It is similar with morality. Are there really “objective” moral truths, as Sam Harris seems to feel, or are there only dicta that conform to a subjective set of criteria about what is good? “Killing is wrong”, for instance, is not something I see as a “moral truth”, because in some circumstances it may be good for society (i.e., killing a terrorist about to kill others). (Note: I am a moral consequentialist.) Even things that seem more obvious, like “don’t harm innocent children” are not accepted as truths by some people, like those odious members of the Taliban who think it’s okay—indeed, good for society—to throw acid on schoolgirls who seek an education. The point is that while many of us can agree on such things, there is no universal and objective standard to appeal to, in cases involving morality and aesthetics, where everyone can agree. (If, however, you think morality consists of actions that are “good for society,” then one can in principle test moral judgments empirically. But not everyone accepts that kind of consequentialism.) There is a subjectivity in morality that does not, for instance, apply when we’re trying to find out the molecular structure of water.
What about other things touted as “ways of knowing,” like philosophy, mathematics, or literature? I think philosophy and mathematics are “ways of understanding”, and come close to science in that one can demonstrate truths within an accepted system of logic. The Pythagorean Theorem, for example, is something that falls out of geometry and algebra, and is not immediately obvious from simple assumptions. That’s a way of understanding, and indeed perhaps even a way of knowing, but it’s not a way of knowing about the external world. There is no world in which the Pythagorean Theorem (under Euclidean geometry) could not be true. It is an observation about what follows from assumptions about a logical system, not something that can be verified by observing nature. Ditto for the Euthyphro argument, one of the great contributions of philosophy. If you accept certain logical propositions, then you can show that morality cannot come from a God. Again, as Sean Carroll has pointed out, these are not “scientific truths” in the sense that there is no world in which they could not be true.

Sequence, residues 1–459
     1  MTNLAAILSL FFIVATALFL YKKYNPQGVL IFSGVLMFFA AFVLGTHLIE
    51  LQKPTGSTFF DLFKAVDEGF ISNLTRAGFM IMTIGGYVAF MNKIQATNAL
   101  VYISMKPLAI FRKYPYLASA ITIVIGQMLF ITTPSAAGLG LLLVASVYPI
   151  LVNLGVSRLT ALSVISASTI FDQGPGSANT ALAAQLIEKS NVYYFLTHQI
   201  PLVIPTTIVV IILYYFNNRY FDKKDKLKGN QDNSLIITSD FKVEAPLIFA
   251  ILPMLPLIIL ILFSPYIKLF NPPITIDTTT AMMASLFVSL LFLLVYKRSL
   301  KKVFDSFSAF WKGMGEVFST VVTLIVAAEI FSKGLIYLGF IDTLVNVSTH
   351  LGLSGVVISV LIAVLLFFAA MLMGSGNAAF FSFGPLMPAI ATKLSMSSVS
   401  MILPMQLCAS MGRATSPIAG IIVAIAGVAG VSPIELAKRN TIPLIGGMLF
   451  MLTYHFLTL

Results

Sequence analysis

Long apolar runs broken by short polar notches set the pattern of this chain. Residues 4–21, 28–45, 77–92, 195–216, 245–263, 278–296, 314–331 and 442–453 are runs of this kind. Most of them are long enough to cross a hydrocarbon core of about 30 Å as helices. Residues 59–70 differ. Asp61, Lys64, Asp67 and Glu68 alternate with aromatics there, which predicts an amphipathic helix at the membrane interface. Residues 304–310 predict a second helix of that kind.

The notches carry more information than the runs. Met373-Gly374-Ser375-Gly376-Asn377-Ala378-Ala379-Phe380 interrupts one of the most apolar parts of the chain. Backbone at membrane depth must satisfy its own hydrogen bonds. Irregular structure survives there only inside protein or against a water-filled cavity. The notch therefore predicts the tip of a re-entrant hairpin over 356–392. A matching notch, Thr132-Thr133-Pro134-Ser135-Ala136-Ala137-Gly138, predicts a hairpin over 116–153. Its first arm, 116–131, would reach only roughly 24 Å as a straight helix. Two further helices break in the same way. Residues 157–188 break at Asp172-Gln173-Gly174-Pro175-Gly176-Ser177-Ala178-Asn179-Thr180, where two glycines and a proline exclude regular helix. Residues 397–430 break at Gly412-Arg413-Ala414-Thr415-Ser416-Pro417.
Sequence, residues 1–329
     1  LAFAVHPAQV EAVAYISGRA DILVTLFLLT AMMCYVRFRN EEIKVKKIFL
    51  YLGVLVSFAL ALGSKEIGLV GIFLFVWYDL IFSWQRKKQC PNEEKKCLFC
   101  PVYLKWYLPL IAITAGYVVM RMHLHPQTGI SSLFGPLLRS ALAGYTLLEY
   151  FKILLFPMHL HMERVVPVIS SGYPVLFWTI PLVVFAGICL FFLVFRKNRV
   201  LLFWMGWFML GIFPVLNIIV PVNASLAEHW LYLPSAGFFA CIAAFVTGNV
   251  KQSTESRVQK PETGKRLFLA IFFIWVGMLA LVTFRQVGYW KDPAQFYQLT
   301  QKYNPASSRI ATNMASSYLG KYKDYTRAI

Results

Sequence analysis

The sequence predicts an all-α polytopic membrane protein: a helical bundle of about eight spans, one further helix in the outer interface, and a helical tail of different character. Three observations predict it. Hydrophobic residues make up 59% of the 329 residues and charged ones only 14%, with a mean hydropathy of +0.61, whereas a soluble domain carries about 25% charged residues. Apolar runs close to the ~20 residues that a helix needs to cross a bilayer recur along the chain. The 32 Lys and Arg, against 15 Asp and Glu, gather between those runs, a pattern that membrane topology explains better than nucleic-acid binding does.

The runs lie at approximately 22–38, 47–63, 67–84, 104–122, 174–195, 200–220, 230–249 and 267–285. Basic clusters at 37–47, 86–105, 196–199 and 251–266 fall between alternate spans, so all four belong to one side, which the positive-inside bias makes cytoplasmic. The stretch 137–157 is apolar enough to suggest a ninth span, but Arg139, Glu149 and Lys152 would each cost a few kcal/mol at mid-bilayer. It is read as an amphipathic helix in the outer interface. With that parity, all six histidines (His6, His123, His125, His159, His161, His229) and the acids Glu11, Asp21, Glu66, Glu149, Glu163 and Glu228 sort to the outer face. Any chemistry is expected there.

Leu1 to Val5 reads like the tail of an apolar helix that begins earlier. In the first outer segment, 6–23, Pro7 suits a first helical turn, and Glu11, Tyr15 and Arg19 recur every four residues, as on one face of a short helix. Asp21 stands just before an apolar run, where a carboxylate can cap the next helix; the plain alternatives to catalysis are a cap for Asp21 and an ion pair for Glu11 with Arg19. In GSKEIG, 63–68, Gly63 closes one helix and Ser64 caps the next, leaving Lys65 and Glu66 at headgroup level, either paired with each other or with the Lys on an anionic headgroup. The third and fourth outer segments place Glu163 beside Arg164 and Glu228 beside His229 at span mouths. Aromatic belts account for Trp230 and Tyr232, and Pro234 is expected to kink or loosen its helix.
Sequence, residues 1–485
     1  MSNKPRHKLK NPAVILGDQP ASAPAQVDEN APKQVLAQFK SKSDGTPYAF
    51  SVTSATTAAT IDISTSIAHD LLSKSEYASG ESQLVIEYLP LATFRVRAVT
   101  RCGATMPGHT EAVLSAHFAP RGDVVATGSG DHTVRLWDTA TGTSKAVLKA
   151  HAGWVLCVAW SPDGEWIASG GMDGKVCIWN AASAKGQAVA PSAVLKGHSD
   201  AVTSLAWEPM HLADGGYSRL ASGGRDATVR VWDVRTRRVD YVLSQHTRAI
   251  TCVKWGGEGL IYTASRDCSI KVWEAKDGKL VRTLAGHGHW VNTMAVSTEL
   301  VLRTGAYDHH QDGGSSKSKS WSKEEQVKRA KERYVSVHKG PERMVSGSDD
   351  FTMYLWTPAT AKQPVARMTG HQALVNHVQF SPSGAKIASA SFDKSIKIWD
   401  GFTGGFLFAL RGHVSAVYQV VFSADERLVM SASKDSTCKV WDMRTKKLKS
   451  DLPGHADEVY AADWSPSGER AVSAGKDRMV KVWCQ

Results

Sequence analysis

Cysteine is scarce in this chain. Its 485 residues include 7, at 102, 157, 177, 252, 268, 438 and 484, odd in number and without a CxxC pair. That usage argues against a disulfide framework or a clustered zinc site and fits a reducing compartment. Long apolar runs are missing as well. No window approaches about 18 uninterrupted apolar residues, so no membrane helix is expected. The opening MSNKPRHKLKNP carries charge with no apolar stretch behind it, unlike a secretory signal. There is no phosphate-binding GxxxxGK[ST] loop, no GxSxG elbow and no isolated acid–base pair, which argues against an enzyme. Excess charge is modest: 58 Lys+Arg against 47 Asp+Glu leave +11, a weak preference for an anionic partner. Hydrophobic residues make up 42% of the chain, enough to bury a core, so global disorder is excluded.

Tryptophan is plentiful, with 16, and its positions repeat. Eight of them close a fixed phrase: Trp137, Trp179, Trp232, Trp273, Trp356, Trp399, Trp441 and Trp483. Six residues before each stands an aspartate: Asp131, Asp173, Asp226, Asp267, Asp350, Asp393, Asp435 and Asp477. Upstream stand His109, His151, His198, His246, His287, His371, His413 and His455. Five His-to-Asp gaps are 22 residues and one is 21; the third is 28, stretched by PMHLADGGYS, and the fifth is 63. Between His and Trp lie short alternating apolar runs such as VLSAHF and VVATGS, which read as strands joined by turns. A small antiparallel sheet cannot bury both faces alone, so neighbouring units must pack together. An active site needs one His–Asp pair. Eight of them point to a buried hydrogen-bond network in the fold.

Literature, I think, doesn’t tell us any external truths about the world unless it portrays things that can be checked by other means, in which case it’s a quasi-science. James Woods told me that Tolstoy’s The Death of Ivan Ilych was once used in medical schools to teach students what it is like to die. Well, its value in that respect must come from doctors and others observing that the process of Ilych’s dying corresponds to reality—to what other people go through. If it didn’t it, would be useless as a teaching tool. Absent things like that, art and literature are ways of communicating feelings between people and stimulating the emotions. They may also stimulate thought, but they aren’t ways of knowing anything about our universe—at least nothing that can be verified by objective, independent observers.
What I argue, then, is that anything that is claimed to exist in our universe can be verified only with the methods of science, broadly construed. I don’t see that Eric has convincingly demonstrated that there are real and objective moral and aesthetic judgments that can be demonstrated by “evidence.” How can you test your claim that Mozart is better than Hummel by checking it against the real world? All you can find out is that many people think that Mozart is better than Hummel. But others may dissent, and who can prove them wrong? How can you prove someone wrong who says that it’s immoral to abort babies after the first trimester?
Finally, although this isn’t Eric’s aim, much of the “other ways of knowing” palaver is used to advance the “truth claims” of religion. But I hardly need to add that I don’t think religion is a way of knowing anything about the real world. That’s simply a truism, for our understanding of any divinities, transcendent beings, or “moral truths” derived from faith alone has not advanced one iota since the ancient Greeks. Hell, after millennia of apologetics and “proofs” of God, we don’t even know whether there is a god, much less one god or many, or what said gods are like or want us to do.